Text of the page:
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Why practices should charge no-show clients

As a practitioner, every minute counts and nobody wants time wasted. So what do you do when a client does not turn up for a meeting? Zoe Whitman argues that these clients should incur a fee.

10th Feb 2020
Founder But the Books
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I read the recent post in Any Answers about non appearance fees with interest. During busy season, several clients hadn’t shown up for out of hour’s appointments, and the poster was considering charging a £20 non-appearance fee as a deposit. This would be deducted from the client’s bill, or lost if the client didn’t turn up.

The majority of responses either recommended implementing an email or text reminding service or stop offering evening and weekend meetings because of the high incidence of no-shows. And as Della Hudson pointed out, “If they did turn up they were only the tiny fees but proved to be the most hassle.”

Now, we don’t offer out of hours appointments unless there’s a real exception – such as finding out your brother in law hasn’t filed his tax return last thing on the evening of 31st January, for example. But we have suffered some very last minute cancellations recently for office hour’s appointments.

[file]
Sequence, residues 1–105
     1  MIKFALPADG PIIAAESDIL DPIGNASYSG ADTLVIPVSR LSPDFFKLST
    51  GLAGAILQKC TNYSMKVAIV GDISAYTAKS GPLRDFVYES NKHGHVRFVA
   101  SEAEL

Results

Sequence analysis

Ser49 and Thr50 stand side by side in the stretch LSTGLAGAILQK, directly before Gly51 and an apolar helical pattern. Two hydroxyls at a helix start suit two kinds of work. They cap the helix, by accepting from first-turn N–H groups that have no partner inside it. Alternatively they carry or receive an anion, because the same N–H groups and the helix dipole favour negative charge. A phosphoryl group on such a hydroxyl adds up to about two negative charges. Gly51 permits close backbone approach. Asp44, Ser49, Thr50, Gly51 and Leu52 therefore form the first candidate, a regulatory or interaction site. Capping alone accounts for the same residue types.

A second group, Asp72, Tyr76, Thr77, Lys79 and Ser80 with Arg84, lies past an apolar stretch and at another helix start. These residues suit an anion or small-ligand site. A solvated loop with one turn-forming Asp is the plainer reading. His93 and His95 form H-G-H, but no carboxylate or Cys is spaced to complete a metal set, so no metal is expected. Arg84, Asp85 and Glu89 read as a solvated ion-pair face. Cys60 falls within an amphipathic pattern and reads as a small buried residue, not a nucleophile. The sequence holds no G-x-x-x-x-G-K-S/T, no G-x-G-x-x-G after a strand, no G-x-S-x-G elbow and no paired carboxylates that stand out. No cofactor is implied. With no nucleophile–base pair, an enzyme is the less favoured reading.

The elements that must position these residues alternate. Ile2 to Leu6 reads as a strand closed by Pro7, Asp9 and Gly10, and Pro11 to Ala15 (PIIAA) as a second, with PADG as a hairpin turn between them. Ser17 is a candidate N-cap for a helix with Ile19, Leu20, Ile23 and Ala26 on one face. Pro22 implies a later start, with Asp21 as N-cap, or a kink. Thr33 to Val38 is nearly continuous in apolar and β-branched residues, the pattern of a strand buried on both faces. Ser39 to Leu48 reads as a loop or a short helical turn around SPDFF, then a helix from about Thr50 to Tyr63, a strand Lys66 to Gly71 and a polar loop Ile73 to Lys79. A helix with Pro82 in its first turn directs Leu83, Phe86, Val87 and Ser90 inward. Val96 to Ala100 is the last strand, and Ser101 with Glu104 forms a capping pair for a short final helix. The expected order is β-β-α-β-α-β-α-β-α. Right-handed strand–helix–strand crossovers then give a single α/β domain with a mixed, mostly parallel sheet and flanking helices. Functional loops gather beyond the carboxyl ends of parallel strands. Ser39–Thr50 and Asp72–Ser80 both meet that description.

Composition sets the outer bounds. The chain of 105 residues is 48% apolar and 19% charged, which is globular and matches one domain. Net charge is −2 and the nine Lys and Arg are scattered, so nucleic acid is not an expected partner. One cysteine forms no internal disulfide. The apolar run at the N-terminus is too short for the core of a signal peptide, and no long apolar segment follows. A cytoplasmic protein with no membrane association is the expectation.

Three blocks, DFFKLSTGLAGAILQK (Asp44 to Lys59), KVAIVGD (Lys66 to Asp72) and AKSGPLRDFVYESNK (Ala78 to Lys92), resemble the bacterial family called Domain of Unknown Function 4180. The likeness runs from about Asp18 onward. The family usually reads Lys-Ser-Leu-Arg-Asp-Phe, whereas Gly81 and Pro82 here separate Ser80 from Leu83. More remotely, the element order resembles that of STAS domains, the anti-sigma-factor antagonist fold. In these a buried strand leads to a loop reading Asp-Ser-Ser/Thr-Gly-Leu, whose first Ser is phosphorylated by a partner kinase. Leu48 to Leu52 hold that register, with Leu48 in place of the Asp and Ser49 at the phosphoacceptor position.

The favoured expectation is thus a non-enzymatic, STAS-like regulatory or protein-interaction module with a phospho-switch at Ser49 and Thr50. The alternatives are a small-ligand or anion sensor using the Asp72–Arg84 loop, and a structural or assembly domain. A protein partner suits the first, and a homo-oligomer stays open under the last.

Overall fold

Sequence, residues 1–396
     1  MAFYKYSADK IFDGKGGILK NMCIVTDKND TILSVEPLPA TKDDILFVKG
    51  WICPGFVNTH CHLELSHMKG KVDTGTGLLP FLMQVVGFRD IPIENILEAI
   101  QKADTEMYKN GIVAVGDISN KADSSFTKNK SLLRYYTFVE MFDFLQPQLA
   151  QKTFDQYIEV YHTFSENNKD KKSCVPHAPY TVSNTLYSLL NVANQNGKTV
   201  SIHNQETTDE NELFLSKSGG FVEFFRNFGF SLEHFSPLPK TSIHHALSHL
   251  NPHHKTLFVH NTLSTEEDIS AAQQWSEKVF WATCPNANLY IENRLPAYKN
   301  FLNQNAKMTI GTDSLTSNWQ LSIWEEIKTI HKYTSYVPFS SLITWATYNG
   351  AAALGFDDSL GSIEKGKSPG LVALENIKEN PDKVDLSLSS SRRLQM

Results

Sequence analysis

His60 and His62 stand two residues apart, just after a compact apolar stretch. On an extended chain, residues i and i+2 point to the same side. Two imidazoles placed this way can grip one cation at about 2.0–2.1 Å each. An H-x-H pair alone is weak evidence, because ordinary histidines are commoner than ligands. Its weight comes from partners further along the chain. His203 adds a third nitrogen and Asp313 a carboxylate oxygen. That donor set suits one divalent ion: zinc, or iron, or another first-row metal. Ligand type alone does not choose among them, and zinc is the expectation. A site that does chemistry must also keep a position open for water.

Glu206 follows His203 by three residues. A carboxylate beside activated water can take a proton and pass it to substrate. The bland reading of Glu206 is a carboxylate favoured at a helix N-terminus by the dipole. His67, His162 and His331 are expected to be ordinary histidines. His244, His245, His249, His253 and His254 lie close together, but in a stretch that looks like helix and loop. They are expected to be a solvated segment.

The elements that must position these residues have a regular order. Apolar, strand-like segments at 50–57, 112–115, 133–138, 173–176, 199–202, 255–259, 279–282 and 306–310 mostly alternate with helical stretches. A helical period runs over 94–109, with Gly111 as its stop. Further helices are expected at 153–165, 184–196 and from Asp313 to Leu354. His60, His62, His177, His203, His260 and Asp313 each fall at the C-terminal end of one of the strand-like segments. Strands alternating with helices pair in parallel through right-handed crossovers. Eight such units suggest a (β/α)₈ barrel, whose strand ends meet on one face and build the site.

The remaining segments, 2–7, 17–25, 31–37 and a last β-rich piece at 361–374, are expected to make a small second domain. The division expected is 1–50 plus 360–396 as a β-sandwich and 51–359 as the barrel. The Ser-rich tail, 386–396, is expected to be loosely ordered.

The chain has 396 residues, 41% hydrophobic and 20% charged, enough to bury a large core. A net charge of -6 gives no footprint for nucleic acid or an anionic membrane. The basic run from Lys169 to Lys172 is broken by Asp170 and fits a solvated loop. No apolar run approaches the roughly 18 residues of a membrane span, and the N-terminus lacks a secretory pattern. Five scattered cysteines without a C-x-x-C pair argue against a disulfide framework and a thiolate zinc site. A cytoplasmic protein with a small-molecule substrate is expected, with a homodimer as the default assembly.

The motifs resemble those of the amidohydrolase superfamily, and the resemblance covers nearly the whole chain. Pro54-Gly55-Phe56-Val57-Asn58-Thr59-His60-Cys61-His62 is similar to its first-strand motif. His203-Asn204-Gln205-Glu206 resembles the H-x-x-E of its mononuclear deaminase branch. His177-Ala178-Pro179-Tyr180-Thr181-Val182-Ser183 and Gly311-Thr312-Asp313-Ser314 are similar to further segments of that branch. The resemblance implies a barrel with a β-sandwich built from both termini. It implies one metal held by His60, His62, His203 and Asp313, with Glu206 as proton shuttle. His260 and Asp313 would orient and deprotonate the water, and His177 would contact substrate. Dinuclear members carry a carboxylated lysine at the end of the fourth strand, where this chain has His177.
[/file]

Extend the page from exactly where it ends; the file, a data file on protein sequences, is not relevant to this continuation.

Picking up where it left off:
I have a lot of startups and small business owner parents in my network. Their businesses aren’t big enough for them to feel they can justify outsourcing their bookkeeping, but they do often need support with getting started, for example with setting up Xero.

We obviously want to help these clients so we offer 1-1 sessions where they can just sit down with us and ask us everything that’s on their minds. It’s a great service, it builds goodwill, those clients finally feel organised and able to tackle their finances, they recommend us to other businesses in their networks, and they come back to us later when things have taken off and they need more support.

Depending on the length of the 1-1 we charge up to £150 for this service. We know we add a huge amount of value in these sessions, but for a kitchen table startup it can feel like a lot of money. And I have found that people email at the last minute to rearrange – often rearranging several times, or they cancel at the last minute. It’s frustrating. We book time out for that specific client.

Of course, there’s other work I can be doing, but the ability to charge for that time has gone. Not to mention that inevitably I can’t rearrange for next week as they request, because my diary’s booking out six weeks ahead most of the time.